This is the hope of every salon owner, that they can trust their champion team to a manager while they are out. The manager must get behind the culture and take full ownership – as a privilege – never forgetting who built the culture.


[Tweet “”Champions elevate everyone around them.” REBECCA BEARDSLEY”]


  1.  Generosity of Spirit – The team spirit of the Warriors is a consistent source of discussion. A few of the players play quite traditionally, which is every man for himself, but what you see more of on this team is passing the ball around to all team members. Everybody gets their hands in and, yes, there are the stars like Curry, Green, and Thompson, but they all share the spotlight. Another beautiful aspect: when a player is feeling it, they feed him the ball, and they let him shine.

We don’t have to be hoarders of talent or hoarders of the attention. Every stylist has a voice and strengths. I often find this in the education world, where there are so many stylists wanting to be top dog, instead of realizing that everyone needs to shine, everyone can make a contribution. Champions consider the whole team, not just themselves.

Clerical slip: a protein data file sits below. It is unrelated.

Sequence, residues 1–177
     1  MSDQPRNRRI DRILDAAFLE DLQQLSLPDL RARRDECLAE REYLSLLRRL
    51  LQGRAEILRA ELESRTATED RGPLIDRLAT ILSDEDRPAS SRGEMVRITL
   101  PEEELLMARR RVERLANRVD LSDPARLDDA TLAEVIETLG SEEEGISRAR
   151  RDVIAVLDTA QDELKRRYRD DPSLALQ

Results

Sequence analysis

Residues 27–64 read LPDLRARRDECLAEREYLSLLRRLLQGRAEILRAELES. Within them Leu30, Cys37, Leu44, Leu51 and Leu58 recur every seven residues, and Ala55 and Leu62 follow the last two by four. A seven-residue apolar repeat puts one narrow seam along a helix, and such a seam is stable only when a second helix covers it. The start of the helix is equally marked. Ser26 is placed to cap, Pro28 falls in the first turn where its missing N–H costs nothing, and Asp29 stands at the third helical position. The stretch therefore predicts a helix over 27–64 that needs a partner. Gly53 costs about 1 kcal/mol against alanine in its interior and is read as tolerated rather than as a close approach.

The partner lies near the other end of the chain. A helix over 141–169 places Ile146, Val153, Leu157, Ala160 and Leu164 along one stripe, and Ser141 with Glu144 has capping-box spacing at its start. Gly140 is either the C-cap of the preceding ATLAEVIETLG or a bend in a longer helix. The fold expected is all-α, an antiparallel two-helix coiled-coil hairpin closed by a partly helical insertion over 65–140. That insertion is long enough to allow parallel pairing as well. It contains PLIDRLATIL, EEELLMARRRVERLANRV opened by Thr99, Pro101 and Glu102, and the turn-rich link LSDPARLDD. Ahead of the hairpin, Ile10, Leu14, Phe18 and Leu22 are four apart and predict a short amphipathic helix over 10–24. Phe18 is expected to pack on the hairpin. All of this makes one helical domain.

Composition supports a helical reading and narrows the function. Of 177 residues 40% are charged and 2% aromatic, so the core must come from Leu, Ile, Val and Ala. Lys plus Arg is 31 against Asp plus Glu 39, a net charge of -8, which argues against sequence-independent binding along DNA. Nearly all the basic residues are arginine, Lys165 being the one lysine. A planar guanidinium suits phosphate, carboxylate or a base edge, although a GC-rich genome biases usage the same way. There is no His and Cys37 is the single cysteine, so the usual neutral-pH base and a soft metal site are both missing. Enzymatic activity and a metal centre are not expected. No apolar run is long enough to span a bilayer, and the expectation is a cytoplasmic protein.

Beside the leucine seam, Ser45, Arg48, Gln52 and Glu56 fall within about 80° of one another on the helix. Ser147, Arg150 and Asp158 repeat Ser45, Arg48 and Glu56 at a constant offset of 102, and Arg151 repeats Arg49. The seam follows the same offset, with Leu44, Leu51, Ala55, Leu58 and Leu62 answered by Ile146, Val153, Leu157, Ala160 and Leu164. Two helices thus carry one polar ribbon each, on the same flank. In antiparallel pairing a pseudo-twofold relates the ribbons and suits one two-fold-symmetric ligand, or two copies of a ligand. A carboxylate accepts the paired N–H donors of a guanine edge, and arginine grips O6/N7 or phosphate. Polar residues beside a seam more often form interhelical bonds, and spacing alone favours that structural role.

1. Practiced – Every athlete on the team has a strong work ethic. The NBA has never seen a warm-up quite like Steph Curry’s. Thousands pile in just to watch him. According to the SF Chronicle’s staff writer, Rusty Simmons,

“90 minutes before every game, Curry acknowledges the crowd. Then, the creature of habit goes into an otherworldly zone that mesmerizes onlookers for 15 minutes. A bit of ballet.”

It’s not the length of time. It’s the quality of his focus. Practice your craft at home or come in early or stay after. Practice the aspects of your craft that are challenging. Physically run through a haircut. It’s not enough just to watch a YouTube video, sitting down, eating popcorn. Get up, set your tools out, and practice like a champion.


  1. Honor – Steph Curry, along with every player on the team, as a matter of fact, feel a great loyalty to their fans. Steph Curry recognizes the responsibility of the pulpit and acknowledges them before every game, and when he is finished with his warm up, he waves to the crowd and runs back in the tunnel. He never takes them for granted.

It is easy to get lazy and to forget it is an honor and a privilege to serve our clients. You are on your own little court every time you stand behind the chair. Remember you are serving them, treat them well, and invite them back. Remember, they are your champions, out there spreading the word about your business.

Consider these qualities and be the champion of our industry! Lead like a champion.



Look and see where you sell yourself short of being the kind of champion you would like to be.


Watch this video – Steve Kerr & Andre Iguodala Get Technical Fouls After Mike Conley Travel!

Read More – Steph Curry’s Warm Up


Want help creating a champion plan? CLICK HERE.

Question:  How do you find your own Inner Warrior?  Leave your response on Facebook, or Twitter.